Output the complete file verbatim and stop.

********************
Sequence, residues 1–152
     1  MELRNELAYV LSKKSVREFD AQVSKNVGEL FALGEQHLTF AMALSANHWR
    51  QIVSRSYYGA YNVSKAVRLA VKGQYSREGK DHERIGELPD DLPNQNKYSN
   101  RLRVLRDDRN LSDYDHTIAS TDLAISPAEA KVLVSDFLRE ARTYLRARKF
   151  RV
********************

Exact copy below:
Sequence, residues 1–152
     1  MELRNELAYV LSKKSVREFD AQVSKNVGEL FALGEQHLTF AMALSANHWR
    51  QIVSRSYYGA YNVSKAVRLA VKGQYSREGK DHERIGELPD DLPNQNKYSN
   101  RLRVLRDDRN LSDYDHTIAS TDLAISPAEA KVLVSDFLRE ARTYLRARKF
   151  RV